- The Washington Times - Friday, April 2, 2021

Vermont Gov. Phil Scott has come under fire for a newly announced statewide vaccination protocol moving minorities to the head of the line based solely on their race.

The Republican governor announced Thursday that Black, Indigenous and people of color, known as BIPOC, may now sign up to be vaccinated against COVID-19, two weeks before the state plans to make available vaccines to anyone over the age of 16.

“If you or anyone in your household identifies as Black, Indigenous, or a person of color (BIPOC), including anyone with Abenaki or other First Nations heritage, all household members who are 16 years or older can sign up to get a vaccine!” Mr. Scott tweeted.

Also eligible to be inoculated immediately are “English language learners and people in immigrant/refugee communities,” along with people over 50; those 16 and older with high-risk medical conditions; parents of children with high-risk conditions, and those working in health care, schools, and public safety.

The order was promptly blasted as discriminatory by conservative pundits such as Ian Miles Cheong, who tweeted, “No vaccines for whites, eh?”

“That Vermont is discriminating on the basis of race in distributing lifesaving vaccines should be a headline story. It’s appalling and a betrayal of the promise of America,” tweeted Independent Women’s Forum senior policy analyst Inez Stepman. “It’s also unconstitutional on its face.”

Concurring was Hans Bader, a civil-rights lawyer in Washington, D.C., who said Friday that the Supreme Court has ruled that “preferences for racial minorities are presumptively unconstitutional,” even if minority groups have faced discrimination.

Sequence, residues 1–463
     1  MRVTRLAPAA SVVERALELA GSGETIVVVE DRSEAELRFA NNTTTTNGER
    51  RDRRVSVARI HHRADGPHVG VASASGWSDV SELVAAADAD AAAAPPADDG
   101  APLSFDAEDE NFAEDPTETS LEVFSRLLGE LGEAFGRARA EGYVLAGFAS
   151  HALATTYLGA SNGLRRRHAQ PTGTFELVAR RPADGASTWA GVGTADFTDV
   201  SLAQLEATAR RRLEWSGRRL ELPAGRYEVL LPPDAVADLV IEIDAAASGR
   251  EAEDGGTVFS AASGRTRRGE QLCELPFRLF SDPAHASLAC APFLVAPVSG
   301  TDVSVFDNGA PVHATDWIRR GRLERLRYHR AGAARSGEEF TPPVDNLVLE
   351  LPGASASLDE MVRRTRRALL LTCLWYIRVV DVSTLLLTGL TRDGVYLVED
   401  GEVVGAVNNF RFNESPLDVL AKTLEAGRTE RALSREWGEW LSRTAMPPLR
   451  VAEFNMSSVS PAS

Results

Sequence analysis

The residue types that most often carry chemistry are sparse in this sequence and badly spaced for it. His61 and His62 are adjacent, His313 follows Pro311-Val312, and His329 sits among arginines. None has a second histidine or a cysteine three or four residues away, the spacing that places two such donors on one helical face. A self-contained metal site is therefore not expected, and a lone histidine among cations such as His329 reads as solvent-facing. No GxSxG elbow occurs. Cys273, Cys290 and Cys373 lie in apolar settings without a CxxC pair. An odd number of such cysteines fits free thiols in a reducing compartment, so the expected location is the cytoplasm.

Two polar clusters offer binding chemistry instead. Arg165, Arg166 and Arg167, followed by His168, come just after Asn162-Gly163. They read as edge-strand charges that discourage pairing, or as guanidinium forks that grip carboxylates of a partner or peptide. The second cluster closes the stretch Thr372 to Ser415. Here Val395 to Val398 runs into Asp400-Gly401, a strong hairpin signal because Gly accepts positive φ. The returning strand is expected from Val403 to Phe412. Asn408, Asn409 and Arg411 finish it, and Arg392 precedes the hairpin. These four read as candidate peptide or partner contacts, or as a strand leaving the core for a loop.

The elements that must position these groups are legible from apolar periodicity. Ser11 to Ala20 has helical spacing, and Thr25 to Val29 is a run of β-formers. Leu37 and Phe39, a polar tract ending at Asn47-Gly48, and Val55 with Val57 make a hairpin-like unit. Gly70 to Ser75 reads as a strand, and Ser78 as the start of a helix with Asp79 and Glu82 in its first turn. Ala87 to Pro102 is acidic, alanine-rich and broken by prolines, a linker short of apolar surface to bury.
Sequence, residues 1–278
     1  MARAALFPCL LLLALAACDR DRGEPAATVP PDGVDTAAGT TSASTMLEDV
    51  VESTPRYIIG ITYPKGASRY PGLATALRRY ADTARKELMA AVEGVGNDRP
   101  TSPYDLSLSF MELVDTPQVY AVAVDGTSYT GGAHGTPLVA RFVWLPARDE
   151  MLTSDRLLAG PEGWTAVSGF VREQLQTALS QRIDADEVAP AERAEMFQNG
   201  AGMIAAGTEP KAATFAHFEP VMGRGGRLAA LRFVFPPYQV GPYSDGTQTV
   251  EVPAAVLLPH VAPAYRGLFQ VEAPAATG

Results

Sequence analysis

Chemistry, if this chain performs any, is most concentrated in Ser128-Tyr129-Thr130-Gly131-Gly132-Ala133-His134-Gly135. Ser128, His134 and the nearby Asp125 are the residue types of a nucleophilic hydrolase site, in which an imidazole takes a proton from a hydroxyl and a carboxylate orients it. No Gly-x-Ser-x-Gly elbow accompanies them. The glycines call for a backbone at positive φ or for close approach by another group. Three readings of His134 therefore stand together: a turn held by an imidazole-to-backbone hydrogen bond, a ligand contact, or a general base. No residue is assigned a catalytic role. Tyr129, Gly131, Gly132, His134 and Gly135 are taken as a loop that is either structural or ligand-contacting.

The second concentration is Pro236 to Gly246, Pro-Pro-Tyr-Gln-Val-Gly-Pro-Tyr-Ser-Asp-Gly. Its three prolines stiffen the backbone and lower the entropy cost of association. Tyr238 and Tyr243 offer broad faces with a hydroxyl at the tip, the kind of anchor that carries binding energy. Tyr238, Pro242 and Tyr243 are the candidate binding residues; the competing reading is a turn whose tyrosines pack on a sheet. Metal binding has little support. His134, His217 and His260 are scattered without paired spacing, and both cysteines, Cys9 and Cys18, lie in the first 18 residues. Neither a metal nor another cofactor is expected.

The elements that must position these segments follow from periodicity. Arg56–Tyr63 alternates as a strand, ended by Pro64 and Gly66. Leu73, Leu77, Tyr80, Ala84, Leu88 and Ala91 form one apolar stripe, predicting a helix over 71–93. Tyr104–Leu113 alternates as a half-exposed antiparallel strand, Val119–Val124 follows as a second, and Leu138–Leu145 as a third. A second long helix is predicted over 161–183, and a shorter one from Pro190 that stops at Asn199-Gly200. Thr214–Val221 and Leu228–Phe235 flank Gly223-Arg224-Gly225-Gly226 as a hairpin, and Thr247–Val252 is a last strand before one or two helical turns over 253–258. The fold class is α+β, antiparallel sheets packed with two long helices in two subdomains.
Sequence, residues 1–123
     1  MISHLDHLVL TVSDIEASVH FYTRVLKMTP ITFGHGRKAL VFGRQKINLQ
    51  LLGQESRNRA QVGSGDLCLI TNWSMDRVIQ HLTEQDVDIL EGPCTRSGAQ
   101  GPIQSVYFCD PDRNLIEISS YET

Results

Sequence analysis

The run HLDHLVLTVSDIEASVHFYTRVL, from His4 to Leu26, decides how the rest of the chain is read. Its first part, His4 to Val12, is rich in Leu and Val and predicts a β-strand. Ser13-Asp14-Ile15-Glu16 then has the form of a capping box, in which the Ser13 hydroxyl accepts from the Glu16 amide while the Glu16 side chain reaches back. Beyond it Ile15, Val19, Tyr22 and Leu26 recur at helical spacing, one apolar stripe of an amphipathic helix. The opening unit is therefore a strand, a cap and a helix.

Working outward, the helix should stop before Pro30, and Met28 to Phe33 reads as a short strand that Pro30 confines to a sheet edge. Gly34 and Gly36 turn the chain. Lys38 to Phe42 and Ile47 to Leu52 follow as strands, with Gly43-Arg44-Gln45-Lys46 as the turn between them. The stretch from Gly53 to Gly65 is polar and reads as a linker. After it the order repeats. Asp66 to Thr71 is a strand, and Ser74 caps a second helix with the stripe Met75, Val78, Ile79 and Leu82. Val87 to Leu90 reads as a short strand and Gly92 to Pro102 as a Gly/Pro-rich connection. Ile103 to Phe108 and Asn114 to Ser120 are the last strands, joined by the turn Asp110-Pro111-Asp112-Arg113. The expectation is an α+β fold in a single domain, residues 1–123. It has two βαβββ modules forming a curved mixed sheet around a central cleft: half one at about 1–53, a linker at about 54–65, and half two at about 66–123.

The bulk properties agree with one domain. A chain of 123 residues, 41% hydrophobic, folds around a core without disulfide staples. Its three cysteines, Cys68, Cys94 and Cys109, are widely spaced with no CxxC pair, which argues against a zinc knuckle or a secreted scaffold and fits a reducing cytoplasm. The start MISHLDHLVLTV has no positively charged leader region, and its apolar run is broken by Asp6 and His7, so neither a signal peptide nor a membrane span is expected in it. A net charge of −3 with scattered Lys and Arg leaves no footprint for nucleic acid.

“Vermont can’t give out the vaccine to just minorities to address these risk factors. It can address them in non-racial ways — such as giving priority to people performing essential jobs that require interaction with the public, or to people living in crowded areas,” said Mr. Bader in an op-ed for Liberty Unyielding. “But it can’t give priority to such people based on their race.”

He also said Vermont has shown no history of discrimination, calling it “the least racist state in America.” Not only did Vermont never segregate its schools, but it was the first to abolish slavery and allow Americans of all races to vote.

The Washington Times has reached out to Mr. Scott’s office for comment.

The Vermont Department of Health said that minorities have higher rates of COVID-19, making up 6% of the population but 18% of the cases.

“In Vermont, there is a disproportionate number of BIPOC Vermonters with COVID-19, and

this disparity has been consistent throughout the pandemic,” said the department on its website. “In addition, this population is at higher risk for more serious outcomes, such as hospitalization.”

The department attributed it to minorities being “disproportionately represented in essential frontline jobs that cannot be done at home,” and more likely to be living in “multigenerational housing or congregate living spaces.”

An October survey by the Kaiser Family Foundation found that Black Americans were less likely to be immunized, citing distrust of the vaccine.

“Vermont has not pointed to any proof of discrimination by the state itself related to the vaccine or COVID,” Mr. Bader said. “It had to do that before granting minorities a preference for that preference to have any hope of being constitutional.”

The state plans to allow anyone over the age of 16 to sign up for the vaccine on April 19, with the goal of having Vermonters fully vaccinated by July 2021.

• Valerie Richardson can be reached at vrichardson@washingtontimes.com.

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